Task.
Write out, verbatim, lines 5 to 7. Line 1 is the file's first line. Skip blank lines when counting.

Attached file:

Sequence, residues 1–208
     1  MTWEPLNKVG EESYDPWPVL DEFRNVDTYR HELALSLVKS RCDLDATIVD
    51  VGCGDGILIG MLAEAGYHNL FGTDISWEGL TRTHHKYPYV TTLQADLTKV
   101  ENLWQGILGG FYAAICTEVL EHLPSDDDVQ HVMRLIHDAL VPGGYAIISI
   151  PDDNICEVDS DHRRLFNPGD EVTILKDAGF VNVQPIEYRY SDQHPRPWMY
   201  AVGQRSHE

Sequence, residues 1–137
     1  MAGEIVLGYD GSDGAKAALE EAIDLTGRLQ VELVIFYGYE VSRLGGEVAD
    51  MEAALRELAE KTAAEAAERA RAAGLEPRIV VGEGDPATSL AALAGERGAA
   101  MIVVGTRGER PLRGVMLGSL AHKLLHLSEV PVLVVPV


   151  PDDNICEVDS DHRRLFNPGD EVTILKDAGF VNVQPIEYRY SDQHPRPWMY
   201  AVGQRSHE

Sequence, residues 1–137